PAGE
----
If you’d like me to keep making cartoons like this, the only solution is to wear a clown nose twenty four hours a day two hundred sixty days a year (you get weekends off) while standing on a street corner offering free hugs to every fifth passerby unless the passerby has a dog in which case hug the dog unless the dog looks mean in which case you need to stand on your head on your bed for twelve minutes or you could support my patreon.
About ten years ago, I coincidentally was given rides by two different acquaintances of mine, both trans women, in the same week.
The first ride was from a young woman I’d met online. She chatted about her life as she drove: her political causes, her art, her friends, her college classes. I know her life wasn’t free of troubles – or of transphobia – but I’d describe her as cheerful, even vibrant.
She had started gender affirming treatments, including hormone therapy, as a teenager. Most people who she hadn’t come out to, seeing her, would assume she’s a cis woman.
The second ride, a few days later, from from a woman I knew through my job at a historic church site. She was in her late fifties, and hadn’t begun gender affirming treatments until well into her adulthood. And although her life certainly wasn’t nothing but bleakness, she had to go through struggles my younger friend hadn’t. Many strangers can guess, from seeing her, that she’s trans, and that makes her subject to discrimination and even danger. The measures she needed to alleviate her gender dysphoria – which included non-surgical measures such as vocal training, but also many surgeries – were painful and expensive, meaning that on top of everything else she was being overwhelmed by debt.
There were other large differences in how the world had treated these two trans women – my younger friend’s family had been far more supportive, for example, which makes a huge difference. And of course both of them had many things going on in their lives aside from being trans.
I don’t want to overgeneralize. Not all trans people who transition early have an easy time of it (far from it!), and many trans people who transition later in life have wonderful lives.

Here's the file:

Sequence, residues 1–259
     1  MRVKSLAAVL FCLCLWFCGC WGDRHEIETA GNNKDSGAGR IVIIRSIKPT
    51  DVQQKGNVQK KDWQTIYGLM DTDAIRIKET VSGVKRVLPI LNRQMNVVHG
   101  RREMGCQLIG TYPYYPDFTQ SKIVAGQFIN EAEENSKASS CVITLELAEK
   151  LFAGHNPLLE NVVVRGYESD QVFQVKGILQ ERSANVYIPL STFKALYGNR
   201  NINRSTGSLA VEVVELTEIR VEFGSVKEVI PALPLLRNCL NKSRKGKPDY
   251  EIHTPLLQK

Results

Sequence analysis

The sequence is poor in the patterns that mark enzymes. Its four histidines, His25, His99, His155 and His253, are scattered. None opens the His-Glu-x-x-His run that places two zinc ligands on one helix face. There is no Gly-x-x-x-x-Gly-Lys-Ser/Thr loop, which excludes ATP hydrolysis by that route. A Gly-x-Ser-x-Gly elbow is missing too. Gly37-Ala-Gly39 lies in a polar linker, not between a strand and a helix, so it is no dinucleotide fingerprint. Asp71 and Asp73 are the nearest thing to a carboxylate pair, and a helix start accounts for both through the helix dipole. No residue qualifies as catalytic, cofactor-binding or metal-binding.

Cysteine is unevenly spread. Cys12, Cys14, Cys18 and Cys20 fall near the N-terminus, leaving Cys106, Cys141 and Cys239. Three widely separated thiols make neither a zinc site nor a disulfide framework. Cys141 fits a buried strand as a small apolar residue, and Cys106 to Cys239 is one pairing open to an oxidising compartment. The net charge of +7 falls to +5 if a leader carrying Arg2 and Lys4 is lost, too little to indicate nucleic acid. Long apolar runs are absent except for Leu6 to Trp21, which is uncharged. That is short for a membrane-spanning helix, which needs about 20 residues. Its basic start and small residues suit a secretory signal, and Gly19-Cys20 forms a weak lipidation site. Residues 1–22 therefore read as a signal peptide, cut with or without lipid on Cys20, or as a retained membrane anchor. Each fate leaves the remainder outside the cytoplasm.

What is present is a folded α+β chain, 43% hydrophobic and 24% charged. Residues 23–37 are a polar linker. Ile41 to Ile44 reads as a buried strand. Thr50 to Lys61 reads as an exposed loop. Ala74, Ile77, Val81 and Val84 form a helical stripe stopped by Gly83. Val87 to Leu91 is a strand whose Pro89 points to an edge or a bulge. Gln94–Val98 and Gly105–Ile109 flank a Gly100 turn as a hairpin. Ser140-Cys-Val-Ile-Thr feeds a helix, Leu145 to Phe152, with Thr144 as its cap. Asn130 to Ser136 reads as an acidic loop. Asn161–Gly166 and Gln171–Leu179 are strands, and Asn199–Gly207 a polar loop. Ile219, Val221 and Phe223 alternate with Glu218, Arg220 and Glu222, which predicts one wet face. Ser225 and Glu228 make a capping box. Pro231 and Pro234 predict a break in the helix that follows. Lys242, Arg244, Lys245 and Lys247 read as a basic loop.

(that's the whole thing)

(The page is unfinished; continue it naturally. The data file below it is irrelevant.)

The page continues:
So it’s a generalization, but: Getting gender affirmative treatment early – before puberty has taken its full effect – is a way trans people can avoid an enormous amount of psychic pain, physical pain, actual danger, and a mountain of debt.
Deliberately banning young trans people from gender affirmative treatment is incredibly harmful. It’s nothing but cruel. And it’s infuriating and shocking that so many people want to do that kind of harm to young people they’ve never even met.
I do this thing when I’m drawing. “I’ll make things easy on myself – I’ll just draw them talking as they walk through a park.”
But then when I’m actually drawing the cartoon, I’ll tell myself “I don’t want to be lazy. Maybe I should make it a cobblestone path” and “I don’t want to be lazy. I’ll make the last panel a big landscape” and “why not add a bunny?”
But it is fun.
In an attempt to loosen up my lines, instead of inking with a (simulated digital) pen as I usually do, I inked this strip with a (simulated digital) brush. It made a bit of a difference, but not a difference I think anyone but me is likely to notice. Oh, well, I’ll keep trying.
TRANSCRIPT OF CARTOON
This cartoon has four panels. Each panel shows the same two women talking as they walk through a hilly park. The lighting is a bit dim.
The first woman has long brown hair, and is wearing a plaid shirt and jeans with rolled-up cuffs. For convenience, we’ll name her “Plaid.” The second woman has short dark hair, and is wearing a tee shirt, a skirt, and black tights. We’ll name her “Skirt.”
Plaid and Skirt are walking through a park. Plaid is looking a little concerned, and Skirt looks a little angry.
PLAID: I read about a fifteen year old with meningitis. They treated her with steroids, but it made things worse. she ended up wishing she hadn’t taken steroids at all.
SKIRT: Maybe we should have a law banning treating meningitis in minors?
Plaid, looking a little annoyed, turns her head to speak to Skirt. Skirt looks doubtful, but raises a finger, making a point.
PLAID: What? Of course not! Think of all the kids with meningitis who are helped by being treated.
SKIRT: But some kids recover from meningitis without treatment.
A closer shot. Plaid looks angry, and Skirt looks distressed, her eyes wide and her hands on her cheeks.
PLAID: But other kids need treatment! What about them?
SKIRT: You’re right! What was I thinking? Banning kids from getting medical help is obviously cruel! And irrational! Even monstrous!
The “camera” has pulled away to a far-away shot. We can see the (very cartoony) landscape: rolling hills, trees and houses, distant mountains, and large clouds overhead. The two characters have their backs to the camera as they crest the top of a hill.
SKIRT: Unless the kid is trans.